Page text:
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Posts from the ‘Sage CRM’ Category

The Road Ahead for Sage Dennis Howlett, self-proclaimed no-nonsense purveyor of truth in matters pertaining to enterprise IT, penned an article called “Sage on the road to nowhere.” As a long-time observer of Sage UK, Mr. Howlett makes some tough and mostly accurate assessments of the current situation and the challenges faced by Sage as they shift to addressing new customer expectations in the increasingly Cloud-based world of software applications.

Luckily for all involved, Sage leadership has seemingly woken up to these new, and growing, set of expectations and now it’s a matter of proper, disciplined execution on the road ahead. There is no doubt that this journey of transformation will continue to experience bumps in the road with some painful ramifications for many involved.

But it’s completely necessary if Sage wants to survive in the new economy.

If you don’t believe this, consider companies like Blockbuster Video, RIM, Sears, Best Buy and others that – not waking up in time to the transformations in their particular industries – have been either put out of business completely or dramatically crippled.

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Ignore the 5 Ps of marketing at your own peril

Just wipe it off and good as new!

In the various social networking groups that I belong to I often see people talking about “strong” products. The argument goes that success in the marketplace is reliant upon the importance of having software with strong feature sets using current technology.

I always find this to be an interesting point of view.

Interesting, but wrong.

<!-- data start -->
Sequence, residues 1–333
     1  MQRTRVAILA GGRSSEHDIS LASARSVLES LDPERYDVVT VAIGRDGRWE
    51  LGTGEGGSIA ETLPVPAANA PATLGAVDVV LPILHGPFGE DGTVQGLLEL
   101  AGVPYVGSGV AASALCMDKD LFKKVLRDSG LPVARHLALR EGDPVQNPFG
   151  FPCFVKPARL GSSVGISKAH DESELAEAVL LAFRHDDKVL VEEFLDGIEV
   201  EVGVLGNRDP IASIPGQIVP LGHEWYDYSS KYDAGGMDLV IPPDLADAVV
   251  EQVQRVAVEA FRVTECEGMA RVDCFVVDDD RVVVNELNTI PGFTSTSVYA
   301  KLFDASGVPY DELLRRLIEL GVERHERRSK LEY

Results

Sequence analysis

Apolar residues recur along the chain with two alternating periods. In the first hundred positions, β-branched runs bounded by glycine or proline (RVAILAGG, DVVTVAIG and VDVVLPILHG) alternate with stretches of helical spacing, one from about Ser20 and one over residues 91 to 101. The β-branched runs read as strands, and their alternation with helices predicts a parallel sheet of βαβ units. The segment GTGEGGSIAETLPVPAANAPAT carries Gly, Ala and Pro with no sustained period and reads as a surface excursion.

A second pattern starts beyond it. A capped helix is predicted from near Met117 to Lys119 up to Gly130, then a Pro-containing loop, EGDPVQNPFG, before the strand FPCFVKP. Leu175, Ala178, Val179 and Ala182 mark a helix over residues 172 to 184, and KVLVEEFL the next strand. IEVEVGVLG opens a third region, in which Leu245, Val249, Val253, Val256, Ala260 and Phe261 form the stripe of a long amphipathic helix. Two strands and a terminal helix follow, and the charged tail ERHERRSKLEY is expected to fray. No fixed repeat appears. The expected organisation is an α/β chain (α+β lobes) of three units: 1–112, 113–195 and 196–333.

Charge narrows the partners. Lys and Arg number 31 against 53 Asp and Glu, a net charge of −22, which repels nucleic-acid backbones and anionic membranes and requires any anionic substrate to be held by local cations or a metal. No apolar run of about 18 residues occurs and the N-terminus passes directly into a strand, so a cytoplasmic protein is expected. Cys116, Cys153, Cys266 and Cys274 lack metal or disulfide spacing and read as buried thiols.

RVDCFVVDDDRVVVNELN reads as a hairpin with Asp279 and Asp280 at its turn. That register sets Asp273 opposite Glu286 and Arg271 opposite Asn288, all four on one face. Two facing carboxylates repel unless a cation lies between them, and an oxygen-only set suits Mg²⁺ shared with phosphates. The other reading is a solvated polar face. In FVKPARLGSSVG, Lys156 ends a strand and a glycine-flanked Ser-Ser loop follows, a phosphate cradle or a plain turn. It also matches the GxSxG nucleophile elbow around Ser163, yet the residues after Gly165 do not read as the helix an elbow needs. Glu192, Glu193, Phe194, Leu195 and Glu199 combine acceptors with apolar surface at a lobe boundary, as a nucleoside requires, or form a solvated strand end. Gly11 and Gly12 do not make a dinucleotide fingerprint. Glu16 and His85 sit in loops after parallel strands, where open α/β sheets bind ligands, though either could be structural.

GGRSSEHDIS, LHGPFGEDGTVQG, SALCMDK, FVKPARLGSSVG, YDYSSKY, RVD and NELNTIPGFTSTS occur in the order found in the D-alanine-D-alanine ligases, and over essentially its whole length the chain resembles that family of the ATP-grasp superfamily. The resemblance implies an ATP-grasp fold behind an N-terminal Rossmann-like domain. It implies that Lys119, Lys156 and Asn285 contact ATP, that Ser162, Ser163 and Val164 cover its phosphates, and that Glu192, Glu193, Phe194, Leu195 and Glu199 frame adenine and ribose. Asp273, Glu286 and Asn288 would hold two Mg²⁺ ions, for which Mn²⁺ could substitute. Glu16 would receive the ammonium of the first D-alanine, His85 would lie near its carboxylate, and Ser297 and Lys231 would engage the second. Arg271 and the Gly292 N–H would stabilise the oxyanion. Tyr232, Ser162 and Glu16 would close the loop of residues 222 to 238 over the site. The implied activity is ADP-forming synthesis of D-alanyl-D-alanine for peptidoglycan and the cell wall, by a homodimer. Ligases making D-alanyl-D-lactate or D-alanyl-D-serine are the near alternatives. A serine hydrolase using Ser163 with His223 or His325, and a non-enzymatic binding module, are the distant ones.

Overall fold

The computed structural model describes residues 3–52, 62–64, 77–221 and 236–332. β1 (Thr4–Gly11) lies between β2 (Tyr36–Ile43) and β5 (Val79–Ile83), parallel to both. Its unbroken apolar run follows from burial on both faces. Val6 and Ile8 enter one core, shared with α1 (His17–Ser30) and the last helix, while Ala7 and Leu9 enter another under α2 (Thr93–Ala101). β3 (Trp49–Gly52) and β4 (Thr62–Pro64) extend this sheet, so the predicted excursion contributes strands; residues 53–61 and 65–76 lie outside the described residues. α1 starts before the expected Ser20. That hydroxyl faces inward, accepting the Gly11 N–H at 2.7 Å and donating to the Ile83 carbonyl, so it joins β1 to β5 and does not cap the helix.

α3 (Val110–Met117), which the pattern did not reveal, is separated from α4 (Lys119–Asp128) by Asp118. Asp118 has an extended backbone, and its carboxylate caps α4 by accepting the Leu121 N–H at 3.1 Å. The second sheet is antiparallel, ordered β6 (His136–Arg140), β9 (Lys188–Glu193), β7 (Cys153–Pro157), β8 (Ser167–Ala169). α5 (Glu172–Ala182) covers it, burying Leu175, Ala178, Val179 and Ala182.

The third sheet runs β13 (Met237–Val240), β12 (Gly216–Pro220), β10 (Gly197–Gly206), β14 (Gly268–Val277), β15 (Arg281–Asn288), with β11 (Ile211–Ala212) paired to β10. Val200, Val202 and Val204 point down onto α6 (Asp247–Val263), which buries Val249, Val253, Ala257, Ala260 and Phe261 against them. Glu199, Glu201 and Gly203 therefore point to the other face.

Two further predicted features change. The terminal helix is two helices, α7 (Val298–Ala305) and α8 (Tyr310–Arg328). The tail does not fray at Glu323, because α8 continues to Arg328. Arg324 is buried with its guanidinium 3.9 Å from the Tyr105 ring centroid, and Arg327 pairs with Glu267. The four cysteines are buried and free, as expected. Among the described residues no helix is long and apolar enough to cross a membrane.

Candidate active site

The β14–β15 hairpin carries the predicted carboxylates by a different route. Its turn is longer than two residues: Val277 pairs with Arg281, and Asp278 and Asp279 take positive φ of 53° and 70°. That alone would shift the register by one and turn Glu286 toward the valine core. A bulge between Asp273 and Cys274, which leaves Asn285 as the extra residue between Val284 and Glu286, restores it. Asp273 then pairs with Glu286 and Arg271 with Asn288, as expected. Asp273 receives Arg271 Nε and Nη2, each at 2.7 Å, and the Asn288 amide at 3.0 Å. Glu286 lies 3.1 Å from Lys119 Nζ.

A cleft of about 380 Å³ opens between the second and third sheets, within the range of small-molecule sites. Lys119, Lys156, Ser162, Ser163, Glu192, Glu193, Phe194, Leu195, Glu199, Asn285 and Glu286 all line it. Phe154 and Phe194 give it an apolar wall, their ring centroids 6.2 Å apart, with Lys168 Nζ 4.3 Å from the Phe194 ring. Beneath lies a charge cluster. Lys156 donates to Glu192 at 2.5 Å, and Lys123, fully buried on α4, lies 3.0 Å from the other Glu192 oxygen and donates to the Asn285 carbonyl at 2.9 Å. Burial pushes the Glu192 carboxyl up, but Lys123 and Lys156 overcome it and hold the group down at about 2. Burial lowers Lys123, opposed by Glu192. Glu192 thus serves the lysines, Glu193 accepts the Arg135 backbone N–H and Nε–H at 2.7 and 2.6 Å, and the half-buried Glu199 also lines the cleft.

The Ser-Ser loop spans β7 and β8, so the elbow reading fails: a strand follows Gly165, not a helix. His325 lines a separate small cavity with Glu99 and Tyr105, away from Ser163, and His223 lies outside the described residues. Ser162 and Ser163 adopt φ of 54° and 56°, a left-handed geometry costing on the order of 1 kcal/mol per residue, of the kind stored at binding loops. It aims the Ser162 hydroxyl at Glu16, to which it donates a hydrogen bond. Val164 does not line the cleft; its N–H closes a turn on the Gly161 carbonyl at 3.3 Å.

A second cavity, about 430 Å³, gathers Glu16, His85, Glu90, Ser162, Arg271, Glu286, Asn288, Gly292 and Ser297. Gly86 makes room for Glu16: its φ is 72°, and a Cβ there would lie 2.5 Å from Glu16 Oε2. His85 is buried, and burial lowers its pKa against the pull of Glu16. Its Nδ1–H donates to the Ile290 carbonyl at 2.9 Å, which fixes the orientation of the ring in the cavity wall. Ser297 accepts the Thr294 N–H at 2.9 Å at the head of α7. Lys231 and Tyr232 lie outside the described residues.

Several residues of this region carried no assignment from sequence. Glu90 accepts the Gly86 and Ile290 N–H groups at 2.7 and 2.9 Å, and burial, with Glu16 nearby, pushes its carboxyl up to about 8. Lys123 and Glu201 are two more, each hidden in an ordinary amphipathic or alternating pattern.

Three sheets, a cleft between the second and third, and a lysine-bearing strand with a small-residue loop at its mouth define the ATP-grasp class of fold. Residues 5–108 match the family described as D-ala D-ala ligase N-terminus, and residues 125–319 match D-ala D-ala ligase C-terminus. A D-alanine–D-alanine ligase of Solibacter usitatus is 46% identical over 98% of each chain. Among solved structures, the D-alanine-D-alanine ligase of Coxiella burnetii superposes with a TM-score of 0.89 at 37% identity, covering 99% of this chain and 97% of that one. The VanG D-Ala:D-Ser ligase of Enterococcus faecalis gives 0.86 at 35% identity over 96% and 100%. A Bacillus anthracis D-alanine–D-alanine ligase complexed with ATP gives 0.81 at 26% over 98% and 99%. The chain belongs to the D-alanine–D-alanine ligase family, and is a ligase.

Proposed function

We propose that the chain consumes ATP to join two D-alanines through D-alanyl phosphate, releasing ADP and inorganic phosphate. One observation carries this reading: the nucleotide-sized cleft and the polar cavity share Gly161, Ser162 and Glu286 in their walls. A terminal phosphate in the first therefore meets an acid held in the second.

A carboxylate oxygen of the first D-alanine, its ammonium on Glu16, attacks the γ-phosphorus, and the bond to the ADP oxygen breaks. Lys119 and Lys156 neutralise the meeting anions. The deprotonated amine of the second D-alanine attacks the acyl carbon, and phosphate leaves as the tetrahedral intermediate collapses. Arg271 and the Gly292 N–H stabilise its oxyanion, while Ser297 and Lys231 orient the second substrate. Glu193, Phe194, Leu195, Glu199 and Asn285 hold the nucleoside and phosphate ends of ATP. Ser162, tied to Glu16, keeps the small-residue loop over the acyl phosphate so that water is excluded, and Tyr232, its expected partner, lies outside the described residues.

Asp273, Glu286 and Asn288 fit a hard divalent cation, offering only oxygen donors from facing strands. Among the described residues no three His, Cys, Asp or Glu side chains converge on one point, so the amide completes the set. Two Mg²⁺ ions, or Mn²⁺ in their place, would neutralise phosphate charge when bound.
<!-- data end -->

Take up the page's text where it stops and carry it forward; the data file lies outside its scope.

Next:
In general, customers don’t purchase products solely based on strong features and current technology. Most companies routinely select products that are not considered the best on features alone because of other considerations in the decision-making process.

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Till death do us part?

I have a friend who’s been married for over 20 years now. His wife is an amazing lady – beautiful, smart, dedicated – and has been a true friend and companion to him.

She has taken excellent care of him and their family.

She took on the responsibilities of being a homemaker – handling the finances, keeping up the house, cooking the meals, taking the kids to school, ensuring the kids grow up healthy and strong.

It’s a lot of work to make those tasks look easy.

If you ask her, she would say that she did it willingly – knowing that she fulfilled an essential role in the partnership. She took on these responsibilities and chores to ensure the overall well-being of the family.

She’s no saint though and wouldn’t suggest that she is. Just as he has benefitted from her taking on these tasks to free him to pursue other responsibilities for the family, she has benefitted as well.

He appreciated her playing this role and I can tell you without revealing any big secret that he wouldn’t be where he is today without her.

And man oh man … let me tell you – he has come a long way from his humble beginnings.

A lot of our mutual friends have commented for years on what a great relationship it is. A true partnership where they have built a wonderful life together.

Sounds perfect, right?

It was.

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I’ve got some bad news for you, sunshine

For those not in the know, the title of this post was taken from “In the Flesh” – a song on Pink Floyd’s The Wall album. The Wall resonates heavily with themes of abandonment and isolation and relates the story of a protagonist who steadily builds up a wall to hide behind in response to the negative pressures in his life.

[Here's a link to the video for those interested: WARNING FOR LANGUAGE AND THEMES THAT MAY BE OFFENSIVE TO SOME. Please don't click if you are one of those folks that get offended at such things. In fact, no one should click on it. I'm asking you not to.]

I think the themes are appropriate as the next few articles are going to focus on the Sage Transformation journey.

What exactly is the “Sage Transformation” journey?